Danger to Humans: The duckbilled platypus is extremely endangered and also endemic to only Australia. In addition to this they are very shy and wary. Even if you are in an area that they inhabit you will likely never see one. So let’s say you’re walking along some quiet, remote, unpolluted stream in Southern Australia and you see a platypus basking on the stream bank. My instructions are simple, (a) Thank God, Buddha, Darwin, or whoever because you are incredibly lucky; (b) Do NOT try to touch it or pick it up. This probably won’t be a problem since the critter will likely disappear into the water before you even get close. Only a handful of people have actually been stung by a platypus and how the venom affects the body is not well known. One Australian man (lets call him Angus), choose not to follow my advice. He saw a platypus lying on a log and was unsure of what it was, so he logically decided to pick it up. The fact that he was able to approach the animal probably means that it was sick, but not so sick that it couldn’t promptly turn and sting him as soon as he laid a finger on it. The venom of a platypus is very unique in that it directly stimulates nerve cells creating an extremely excruciating pain. In fact the term extremely excruciating is a grave understatement. It’s more like simultaneously being shot in the face and giving birth to quintuplets, except all that pain is centered around the place you were stung. So Angus, now in excruciating pain, went to the nearest hospital. Unfortunately he was in the wilderness and the nearest hospital was a small outfit with only one doctor on staff. The doctor had of course never treated someone for a platypus sting, but he did know how to deal with pain. The doctor gave Angus as much morphine as was safe. Though due to the unusual nature of platypus venom it had no affect on the pain, but I think Angus probably felt a little better with the morphine nonetheless. The doctor ended up having to stick a giant needle into the center of Angus’ elbow to paralyze the central nerve running to your hand (oh ya, Angus was stung in the hand). It was the only way to stop the pain. Angus never regained the full use of his hand because of extensive nerve damage done by the venom. (Based on a true story.)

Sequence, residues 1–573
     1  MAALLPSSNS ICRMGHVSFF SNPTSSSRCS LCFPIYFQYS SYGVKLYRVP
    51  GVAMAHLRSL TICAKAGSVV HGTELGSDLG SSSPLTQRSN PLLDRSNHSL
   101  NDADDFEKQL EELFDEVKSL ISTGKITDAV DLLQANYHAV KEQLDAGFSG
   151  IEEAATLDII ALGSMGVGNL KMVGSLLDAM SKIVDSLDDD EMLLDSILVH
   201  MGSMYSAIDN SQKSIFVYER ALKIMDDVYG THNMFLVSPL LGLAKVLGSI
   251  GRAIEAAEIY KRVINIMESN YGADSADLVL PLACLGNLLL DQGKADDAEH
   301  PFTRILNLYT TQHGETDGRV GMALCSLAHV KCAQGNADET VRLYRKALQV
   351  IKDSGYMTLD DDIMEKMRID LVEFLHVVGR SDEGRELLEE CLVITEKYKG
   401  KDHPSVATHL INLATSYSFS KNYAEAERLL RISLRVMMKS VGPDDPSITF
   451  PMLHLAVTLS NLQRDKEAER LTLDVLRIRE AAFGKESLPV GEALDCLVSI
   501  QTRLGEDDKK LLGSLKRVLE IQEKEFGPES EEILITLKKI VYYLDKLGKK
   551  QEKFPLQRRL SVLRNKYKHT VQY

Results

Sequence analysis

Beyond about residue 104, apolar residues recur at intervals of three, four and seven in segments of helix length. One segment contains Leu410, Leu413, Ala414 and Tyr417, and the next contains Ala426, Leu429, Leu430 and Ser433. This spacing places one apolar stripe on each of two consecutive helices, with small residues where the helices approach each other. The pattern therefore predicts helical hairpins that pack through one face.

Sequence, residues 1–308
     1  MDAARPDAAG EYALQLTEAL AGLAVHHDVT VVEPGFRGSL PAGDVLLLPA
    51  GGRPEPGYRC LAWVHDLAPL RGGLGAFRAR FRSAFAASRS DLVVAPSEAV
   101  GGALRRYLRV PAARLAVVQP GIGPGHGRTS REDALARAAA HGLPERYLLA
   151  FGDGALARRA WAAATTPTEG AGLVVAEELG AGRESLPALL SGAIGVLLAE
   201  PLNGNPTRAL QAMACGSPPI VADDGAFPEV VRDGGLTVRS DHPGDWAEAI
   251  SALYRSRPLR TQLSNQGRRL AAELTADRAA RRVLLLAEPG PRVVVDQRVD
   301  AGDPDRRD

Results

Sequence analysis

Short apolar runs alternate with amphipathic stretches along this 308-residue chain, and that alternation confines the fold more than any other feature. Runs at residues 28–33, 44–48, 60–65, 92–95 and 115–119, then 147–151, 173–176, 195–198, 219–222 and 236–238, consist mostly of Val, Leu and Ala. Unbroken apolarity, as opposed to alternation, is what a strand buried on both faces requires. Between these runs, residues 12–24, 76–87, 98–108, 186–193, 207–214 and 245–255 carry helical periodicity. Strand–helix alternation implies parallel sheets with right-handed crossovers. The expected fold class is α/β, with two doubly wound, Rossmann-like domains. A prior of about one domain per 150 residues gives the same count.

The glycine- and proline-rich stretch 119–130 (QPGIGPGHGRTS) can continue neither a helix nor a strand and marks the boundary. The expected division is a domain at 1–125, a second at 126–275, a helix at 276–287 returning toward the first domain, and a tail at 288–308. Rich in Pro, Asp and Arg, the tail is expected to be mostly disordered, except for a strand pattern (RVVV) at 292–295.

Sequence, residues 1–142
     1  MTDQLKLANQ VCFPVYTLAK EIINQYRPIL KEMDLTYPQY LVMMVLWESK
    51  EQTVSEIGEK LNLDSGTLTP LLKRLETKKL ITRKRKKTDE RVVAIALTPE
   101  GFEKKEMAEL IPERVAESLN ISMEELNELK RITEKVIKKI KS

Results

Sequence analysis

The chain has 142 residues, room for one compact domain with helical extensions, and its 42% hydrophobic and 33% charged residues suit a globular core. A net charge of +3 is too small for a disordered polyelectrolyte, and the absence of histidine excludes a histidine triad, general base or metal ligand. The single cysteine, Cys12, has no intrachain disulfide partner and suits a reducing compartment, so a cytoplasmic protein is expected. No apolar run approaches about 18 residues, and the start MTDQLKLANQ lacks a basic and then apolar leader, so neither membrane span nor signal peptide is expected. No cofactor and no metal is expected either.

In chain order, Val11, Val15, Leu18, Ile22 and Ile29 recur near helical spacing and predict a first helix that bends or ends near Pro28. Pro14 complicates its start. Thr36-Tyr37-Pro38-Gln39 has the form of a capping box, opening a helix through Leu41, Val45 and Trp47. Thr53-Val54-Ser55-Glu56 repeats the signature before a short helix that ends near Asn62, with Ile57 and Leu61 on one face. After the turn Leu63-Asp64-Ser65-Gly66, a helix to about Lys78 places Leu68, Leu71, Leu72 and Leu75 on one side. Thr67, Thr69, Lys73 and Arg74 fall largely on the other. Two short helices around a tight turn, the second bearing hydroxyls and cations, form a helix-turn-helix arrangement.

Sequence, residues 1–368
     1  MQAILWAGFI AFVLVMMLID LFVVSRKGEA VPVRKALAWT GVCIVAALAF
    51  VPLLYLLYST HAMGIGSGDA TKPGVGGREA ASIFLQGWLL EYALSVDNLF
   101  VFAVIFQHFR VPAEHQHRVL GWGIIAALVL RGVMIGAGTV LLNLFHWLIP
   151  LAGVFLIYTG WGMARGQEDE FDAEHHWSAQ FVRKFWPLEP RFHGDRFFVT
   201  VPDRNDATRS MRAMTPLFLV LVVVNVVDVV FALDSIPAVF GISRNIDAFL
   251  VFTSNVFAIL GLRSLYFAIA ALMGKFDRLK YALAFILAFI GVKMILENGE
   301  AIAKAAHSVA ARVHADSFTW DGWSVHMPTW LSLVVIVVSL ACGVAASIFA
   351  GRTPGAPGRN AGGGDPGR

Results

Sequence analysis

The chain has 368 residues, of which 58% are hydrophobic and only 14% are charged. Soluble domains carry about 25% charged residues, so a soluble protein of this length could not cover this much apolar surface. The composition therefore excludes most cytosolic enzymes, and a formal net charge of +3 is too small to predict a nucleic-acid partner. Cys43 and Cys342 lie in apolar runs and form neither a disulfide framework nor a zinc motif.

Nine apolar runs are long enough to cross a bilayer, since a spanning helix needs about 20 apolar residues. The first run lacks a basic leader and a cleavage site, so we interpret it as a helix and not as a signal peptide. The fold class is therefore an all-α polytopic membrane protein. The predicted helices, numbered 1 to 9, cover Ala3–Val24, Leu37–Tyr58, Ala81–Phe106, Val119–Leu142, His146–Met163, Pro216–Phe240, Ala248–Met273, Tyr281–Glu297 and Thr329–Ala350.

There are also about five subspecies of shrews (possibly more) that are venomous. They not closely related to monotremes and use their venom in a completely different way. The venom in shrews is found in their saliva. They simply bite their prey and the some of their saliva/venom is injected into their victim. Shrews have extremely high metabolisms; they need to eat at least a third of their own bodyweight each day to survive. In addition to this they subsist only on predation, so being venomous is very beneficial for them. Shew venom is not very developed and is not their primary tool for subduing prey. They are simply very small, so it helps them tackle prey such ranging from large insects to small fish and amphibians.
Danger to Humans: Most shrews are not of the venomous variety, so if you see one don’t freak out. The venomous subspecies are also probably only endemic to North America and possibly Europe. The only way to get bitten is to try and handle one. They are very small and fast so its unlikely you will be able to catch one in the wild. Shrews are so small that they pose no danger even if you are bitten, although some reports say that bites from venomous shrews are painful.

Information gathered from Discovery Channel specials, magazines, and books I have read/viewed during my meager lifetime.